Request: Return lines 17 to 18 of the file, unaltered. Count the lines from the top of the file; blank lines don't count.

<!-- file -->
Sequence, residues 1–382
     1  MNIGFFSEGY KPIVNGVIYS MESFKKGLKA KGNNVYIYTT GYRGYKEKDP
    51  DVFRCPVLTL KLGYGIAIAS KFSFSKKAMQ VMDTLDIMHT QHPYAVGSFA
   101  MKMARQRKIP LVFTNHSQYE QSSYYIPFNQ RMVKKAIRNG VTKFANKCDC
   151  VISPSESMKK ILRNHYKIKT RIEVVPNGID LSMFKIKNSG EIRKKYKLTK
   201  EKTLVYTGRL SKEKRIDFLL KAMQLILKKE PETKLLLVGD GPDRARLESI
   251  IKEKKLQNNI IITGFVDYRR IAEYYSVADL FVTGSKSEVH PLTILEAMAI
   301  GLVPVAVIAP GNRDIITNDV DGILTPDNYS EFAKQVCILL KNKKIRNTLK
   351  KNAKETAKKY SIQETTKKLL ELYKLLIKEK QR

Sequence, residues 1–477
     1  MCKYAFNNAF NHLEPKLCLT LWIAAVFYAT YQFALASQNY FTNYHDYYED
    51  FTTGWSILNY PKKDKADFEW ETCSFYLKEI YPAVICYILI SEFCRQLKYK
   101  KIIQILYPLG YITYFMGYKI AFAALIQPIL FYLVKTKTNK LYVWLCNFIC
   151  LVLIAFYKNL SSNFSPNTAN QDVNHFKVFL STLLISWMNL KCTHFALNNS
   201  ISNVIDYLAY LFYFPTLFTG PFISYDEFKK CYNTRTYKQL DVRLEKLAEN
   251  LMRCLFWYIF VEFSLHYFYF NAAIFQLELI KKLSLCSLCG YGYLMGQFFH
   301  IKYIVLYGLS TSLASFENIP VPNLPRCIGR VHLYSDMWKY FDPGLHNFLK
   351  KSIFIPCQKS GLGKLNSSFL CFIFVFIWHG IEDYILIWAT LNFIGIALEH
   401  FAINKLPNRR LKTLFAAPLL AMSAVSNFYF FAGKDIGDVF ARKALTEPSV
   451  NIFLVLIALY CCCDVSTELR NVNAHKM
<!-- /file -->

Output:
   301  IKYIVLYGLS TSLASFENIP VPNLPRCIGR VHLYSDMWKY FDPGLHNFLK
   351  KSIFIPCQKS GLGKLNSSFL CFIFVFIWHG IEDYILIWAT LNFIGIALEH